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Currencies, Exchange Rates and the Gold Standard

Posted by PITHOCRATES - June 17th, 2013

Economics 101

Money is a Temporary Storage of Value that has no Intrinsic Value

Giant container ships ply the world’s oceans bringing us a lot of neat stuff.  Big televisions.  Smartphones.  Laptop computers.  Tablet computers.  The hardware for our cable and satellite TVs.  Toasters.  Toaster ovens.  Mixers and blenders.  And everything else we have in our homes and in our lives.  Things that make our lives better.  And make it more enjoyable.  These things have value.  We give them value.  Some have more value to one than another.  But these are things that have value to us.  And because they have value to us they have value to the people that made them.  Who used their human capital to create things that other people wanted.  And would trade for them.

When we first started trading we bartered with others.  Trading things for other things.  But as the economy grew more complex it took a lot of time to find someone who had what you wanted AND you had what they wanted.  So we developed money.  A temporary storage of value.  So we could trade the valuable things we created for money.  That money held the value of what we created temporarily while we looked for something that we wanted.  Then we exchanged the money we got earlier for something someone had.  It was just like trading our thing for someone else’s thing.  Only instead of spending weeks, months even years meeting hundreds of thousands of people trying to find that perfect match we only needed to meet two people.  One that exchanges money for the thing we have that they want.  And another who has what we want that they will exchange for our money.  Then that person would do the same with the money they got from us.  As did everyone else who brought things to market.  And those who came to market with money to buy what others brought.

Money is a temporary storage of value.  Money itself doesn’t have any intrinsic value.  Consider that container ship full of those wonderful items.  Now, which would you rather have as permanent fixtures in your house?  Those wonderful things?  Or boxes of money that just sit in your house?  You’d want the wonderful things.  And if you had a box of money you would exchange it (i.e., go out shopping) for those wonderful things.  Because boxes of money aren’t any fun.  It’s what you can exchange that money for that can be a lot of fun.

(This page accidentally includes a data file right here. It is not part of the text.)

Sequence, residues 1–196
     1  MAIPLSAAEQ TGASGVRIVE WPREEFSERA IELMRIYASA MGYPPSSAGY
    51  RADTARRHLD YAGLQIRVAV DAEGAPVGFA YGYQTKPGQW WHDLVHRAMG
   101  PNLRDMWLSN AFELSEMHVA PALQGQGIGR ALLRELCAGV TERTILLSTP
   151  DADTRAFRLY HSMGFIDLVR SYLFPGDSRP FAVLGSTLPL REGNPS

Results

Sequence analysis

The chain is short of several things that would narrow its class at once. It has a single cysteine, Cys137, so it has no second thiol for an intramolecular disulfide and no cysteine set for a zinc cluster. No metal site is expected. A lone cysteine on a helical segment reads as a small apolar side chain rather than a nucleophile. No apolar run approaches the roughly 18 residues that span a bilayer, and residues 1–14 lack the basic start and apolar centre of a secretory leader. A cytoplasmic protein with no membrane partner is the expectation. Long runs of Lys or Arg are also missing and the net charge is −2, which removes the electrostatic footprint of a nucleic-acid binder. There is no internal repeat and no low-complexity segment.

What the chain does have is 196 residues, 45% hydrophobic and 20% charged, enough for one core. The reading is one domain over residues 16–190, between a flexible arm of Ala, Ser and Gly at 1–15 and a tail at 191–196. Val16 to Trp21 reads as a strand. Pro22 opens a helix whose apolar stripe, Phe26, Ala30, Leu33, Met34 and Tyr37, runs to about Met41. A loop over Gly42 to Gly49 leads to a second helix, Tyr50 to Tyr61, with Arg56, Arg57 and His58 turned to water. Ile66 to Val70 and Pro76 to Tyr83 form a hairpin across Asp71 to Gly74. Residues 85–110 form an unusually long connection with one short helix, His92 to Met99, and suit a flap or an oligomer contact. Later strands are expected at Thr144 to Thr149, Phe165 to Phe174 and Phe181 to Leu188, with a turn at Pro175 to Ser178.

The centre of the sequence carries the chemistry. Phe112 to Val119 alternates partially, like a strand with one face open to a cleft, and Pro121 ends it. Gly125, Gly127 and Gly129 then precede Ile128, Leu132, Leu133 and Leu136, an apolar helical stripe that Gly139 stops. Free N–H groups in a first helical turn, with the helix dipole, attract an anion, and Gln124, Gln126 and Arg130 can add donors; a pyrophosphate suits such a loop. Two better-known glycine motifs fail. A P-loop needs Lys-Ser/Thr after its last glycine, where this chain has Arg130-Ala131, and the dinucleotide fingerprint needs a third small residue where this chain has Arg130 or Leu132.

Devaluing your Currency boosts Exports by making those Goods less Expensive to the Outside World

So there is a lot of value on one of those container ships.  Let’s take all of that value out of the ship and place it on a balancing scale.  Figuratively, of course.  Now the owner of that stuff wants to trade it for other stuff.  But how much value does this stuff really have?  Well, let’s assume the owner is willing to exchange it all for one metric ton of gold.  Because gold is pretty valuable, too.  People will trade other things for gold.  So if we put 1 metric ton of gold on the other side of the balancing scale (figuratively, of course) the scale will balance.  Because to the owner all of that stuff and one metric ton has the same value.  Of course moving a metric ton of gold is not easy.  And it’s very risky.  So, instead of gold what else can we put on that scale?  Well, we can move dollars electronically via computer networks.  That would be a lot easier than moving gold.  So let’s put dollars on the other side of that scale.  Figuratively, of course.  How many will we need?  Well, today gold is worth approximately $1,380/troy ounce.  So after some dimensional analysis we can convert that metric ton into 32,150 troy ounces.  And at $1,380/troy ounce that metric ton of gold comes to approximately $44.4 million.  So that container ship full of wonderful stuff will balance on a scale with $44.4 million on the other side.  Or 1 metric ton of gold.  In the eyes of the owner they all have the same value.